UN’s tsunami relief appeal looks at needs both massive and modest

Tsunami wreckage

6 January 2005 – The nearly $1 billion United Nations flash appeal that Secretary-General Kofi Annan launched today for the survivors of the devastating Indian Ocean tsunami ranges from the massive cost of feeding 2 million people for the next six months to relatively more modest pin-point goals such as replacing lost fishing boats.

At the top end is $256 million sought by the UN World Food Programme (WFP) – $185 million to provide crucial assistance for 2 million people and $71 million to boost logistics, transport and communications for the entire humanitarian community in view of the huge difficulties of reaching remote areas in a region where the infrastructure has been destroyed.

“This is more than just a disaster for those countries directly concerned, it is a truly global disaster,” WFP Executive Director James Morris said in the Indonesian capital of Jakarta where Mr. Annan launched the overall $977 million appeal – the largest ever by the UN for a natural disaster.

At the lower end the UN Food and Agriculture (FAO) is seeking $26 million to finance emergency rehabilitation projects over the next six months for farmers and fishermen, such as replacing lost boats and fishing gear or repairing damaged installations.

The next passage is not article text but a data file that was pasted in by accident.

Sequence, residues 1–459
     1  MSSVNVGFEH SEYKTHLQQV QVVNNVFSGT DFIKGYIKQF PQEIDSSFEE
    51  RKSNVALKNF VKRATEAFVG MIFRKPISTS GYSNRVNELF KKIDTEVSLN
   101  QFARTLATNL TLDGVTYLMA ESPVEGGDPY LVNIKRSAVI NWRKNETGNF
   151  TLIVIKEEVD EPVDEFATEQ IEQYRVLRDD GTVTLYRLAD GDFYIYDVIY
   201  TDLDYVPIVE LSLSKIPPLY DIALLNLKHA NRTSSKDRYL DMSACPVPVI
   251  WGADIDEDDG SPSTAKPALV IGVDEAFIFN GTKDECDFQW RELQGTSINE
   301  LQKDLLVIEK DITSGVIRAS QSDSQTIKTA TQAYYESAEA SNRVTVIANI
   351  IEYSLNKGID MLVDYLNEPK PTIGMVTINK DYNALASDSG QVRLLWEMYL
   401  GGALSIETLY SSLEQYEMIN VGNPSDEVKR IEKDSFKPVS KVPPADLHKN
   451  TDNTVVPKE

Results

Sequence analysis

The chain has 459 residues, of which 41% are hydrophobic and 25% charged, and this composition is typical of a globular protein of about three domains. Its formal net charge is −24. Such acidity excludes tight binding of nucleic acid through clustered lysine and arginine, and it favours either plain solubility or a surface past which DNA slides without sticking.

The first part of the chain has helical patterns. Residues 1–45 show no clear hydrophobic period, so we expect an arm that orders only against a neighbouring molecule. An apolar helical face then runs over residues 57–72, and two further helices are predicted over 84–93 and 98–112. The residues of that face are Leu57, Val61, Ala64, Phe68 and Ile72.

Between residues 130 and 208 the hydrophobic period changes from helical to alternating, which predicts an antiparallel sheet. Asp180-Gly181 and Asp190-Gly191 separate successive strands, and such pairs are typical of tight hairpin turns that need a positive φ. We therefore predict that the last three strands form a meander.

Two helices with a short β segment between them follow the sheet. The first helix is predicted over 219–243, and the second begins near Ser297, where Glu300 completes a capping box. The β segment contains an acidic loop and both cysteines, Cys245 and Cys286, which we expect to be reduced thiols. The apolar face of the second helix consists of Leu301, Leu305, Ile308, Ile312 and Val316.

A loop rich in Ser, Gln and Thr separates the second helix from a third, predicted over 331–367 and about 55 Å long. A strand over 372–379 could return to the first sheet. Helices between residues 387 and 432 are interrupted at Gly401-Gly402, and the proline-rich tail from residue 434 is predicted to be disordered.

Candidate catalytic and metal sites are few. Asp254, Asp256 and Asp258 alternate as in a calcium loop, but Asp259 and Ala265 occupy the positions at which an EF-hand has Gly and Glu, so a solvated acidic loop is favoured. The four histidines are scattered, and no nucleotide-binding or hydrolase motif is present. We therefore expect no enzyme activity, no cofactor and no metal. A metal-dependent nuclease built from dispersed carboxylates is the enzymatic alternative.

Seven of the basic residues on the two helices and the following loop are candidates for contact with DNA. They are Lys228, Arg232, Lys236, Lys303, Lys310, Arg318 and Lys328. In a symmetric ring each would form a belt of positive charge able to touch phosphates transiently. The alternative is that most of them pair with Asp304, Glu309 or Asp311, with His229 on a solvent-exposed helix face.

“To enable both their rehabilitation and livelihoods, the best assistance we can offer them is an early opportunity to repair their boats and their fishing nets,” Mr. Annan told a news conference after launching the appeal. “If we give them quick financial support, building materials and other resources, they will make their own recovery.”

The Chief of FAO’s Emergency Operations Service, Fernanda Guerrieri, warned that over the long run the costs would be much higher.

And the UN Population Fund (UNFPA) is requesting $28 million to help meet urgent health, hygiene and protection needs for women and youth in Indonesia, Sri Lanka and the Maldives, the three countries hardest hit by the catastrophic tsunami. Targeted goals include medicines and supplies to enable pregnant women to deliver safely, emergency obstetric care, and hygiene kits including soap, washcloths and sanitary napkins for tens of thousands of women.

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